Although pay-for-performance’s potential effect on employee performance is a compelling issue, understanding this dynamic has been constrained by narrow approaches to pay-for-performance conceptualization, measurement, and surrounding conditions. In response, we take a more nuanced perspective by integrating fundamental principles of economics and psychology to identify and incorporate employee characteristics, job characteristics, pay system Current Issue Covercharacteristics, and pay system experience into a contingency model of the pay-for-performance–future performance relationship. We test the role that these four key contextual factors play in pay-for-performance effectiveness using 11,939 employees over a 5-year period. We find that merit and bonus pay, as well as their multiyear trends, are positively associated with future employee performance. Furthermore, our findings indicate that, contrary to what traditional economic perspectives would predict, bonus pay may have a stronger effect on future performance than merit pay. Our results also support a contingency approach to pay-for-performance’s impact on future employee performance, as we find that merit pay and bonus pay can substitute for each other and that the strength of pay-for-performance’s effect is a function of employee tenure, the pay-for-performance trend over time, and job type (presumably due to differences in the measurability of employee performance across jobs).

Another article from the issue, entitled “Social Media for Selection? Validity and Adverse Impact Potential of a Facebook-Based Assessment” from authors Chad H. Van Iddekinge, Stephen E. Lanivich, Philip L. Roth, and Elliott Junco delves into the hazards that arise when recruiters use social media platforms like Facebook to screen job applicants. The abstract for the paper:

Recent reports suggest that an increasing number of organizations are using information from social media platforms such as Facebook.com to screen job applicants. Unfortunately, empirical research concerning the potential implications of this practice is extremely limited. We address the use of social media for selection by examining how recruiter ratings of Facebook profiles fare with respect to two important criteria on which selection procedures are evaluated: criterion-related validity and subgroup differences (which can lead to adverse impact). We captured Facebook profiles of college students who were applying for full-time jobs, and recruiters from various organizations reviewed the profiles and provided evaluations. We then followed up with applicants in their new jobs. Recruiter ratings of applicants’ Facebook information were unrelated to supervisor ratings of job performance (rs = −.13 to –.04), turnover intentions (rs = −.05 to .00), and actual turnover (rs = −.01 to .01). In addition, Facebook ratings did not contribute to the prediction of these criteria beyond more traditional predictors, including cognitive ability, self-efficacy, and personality. Furthermore, there was evidence of subgroup difference in Facebook ratings that tended to favor female and White applicants. The overall results suggest that organizations should be very cautious about using social media information such as Facebook to assess job applicants.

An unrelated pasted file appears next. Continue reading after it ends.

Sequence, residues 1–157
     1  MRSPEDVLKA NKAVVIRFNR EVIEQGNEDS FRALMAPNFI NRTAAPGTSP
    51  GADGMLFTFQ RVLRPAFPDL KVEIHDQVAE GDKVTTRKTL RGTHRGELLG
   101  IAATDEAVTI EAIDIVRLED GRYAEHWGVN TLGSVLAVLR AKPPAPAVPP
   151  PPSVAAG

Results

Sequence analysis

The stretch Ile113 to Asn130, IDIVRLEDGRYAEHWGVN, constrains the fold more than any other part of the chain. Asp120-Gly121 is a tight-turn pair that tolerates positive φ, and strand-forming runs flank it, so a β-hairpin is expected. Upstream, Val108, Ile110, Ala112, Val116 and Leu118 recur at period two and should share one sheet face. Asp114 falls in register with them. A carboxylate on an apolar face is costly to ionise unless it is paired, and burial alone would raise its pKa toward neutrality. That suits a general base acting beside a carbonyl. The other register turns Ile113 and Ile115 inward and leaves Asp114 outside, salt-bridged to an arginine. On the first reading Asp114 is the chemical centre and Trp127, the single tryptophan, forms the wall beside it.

You can read these articles and more from the November 2016 issue of Journal of Management, which is free for the next 30 days, by clicking here to view the issue’s table of contents! Want to stay current on all of the latest research published by Journal of Management? Click here to sign up for e-alerts to receive notifications for new issues and Online First articles!

*City image attributed to Mark Goebel (CC)

Developing a Food Involvement Scale to Study Food Tourism

4563690038_7e804749d1_z (1)In recent years, food tourism has seen a spike in popularity, but how can researchers better understand the impact of food involvement on food tourism? In the recent article, “Food Enthusiasts and Tourism: Exploring Food Involvement Dimension,” published in Journal of Hospitality & Tourism Researchauthors Richard N. S. Robinson and Donald Getz set out to establish a food involvement scale. The abstract for the article:

Involvement is a much theorized construct in the consumer behavior literature, yet extant food involvement scales have not been developed for leisure- or tourism-based contexts. Adopting a phenomenological approach, this article reports a study with two primary aims: to develop a customized food involvement scale and to administer the instrument to a sample of self-declared “food enthusiasts” with analysis focusing on identifying the underlying constructs of food involvement. An exploratory factor analysis finds four dimensions of food involvement: Food-Related Identity, Food Quality, Social Bonding, and Food Current Issue CoverConsciousness. The four dimensions are validated by discriminant analysis between the food enthusiast sample and a general population sample and logistic regression reveals that identity is the most powerful predictor of being a food enthusiast. We demonstrate the utility of the four factors by operationalizing them as variables in tests of difference vis-à-vis demographic variables and conclude the study by summarizing the theoretical and tourism destination implications. This research addresses a need for theory-driven knowledge to inform the burgeoning special interest tourism of food tourism.

You can read “Food Enthusiasts and Tourism: Exploring Food Involvement Dimension” from Journal of Hospitality of Tourism Research free for the next two weeks by clicking here. Want to know all about the latest research from Journal of Hospitality & Tourism ResearchClick here to sign up for e-alerts!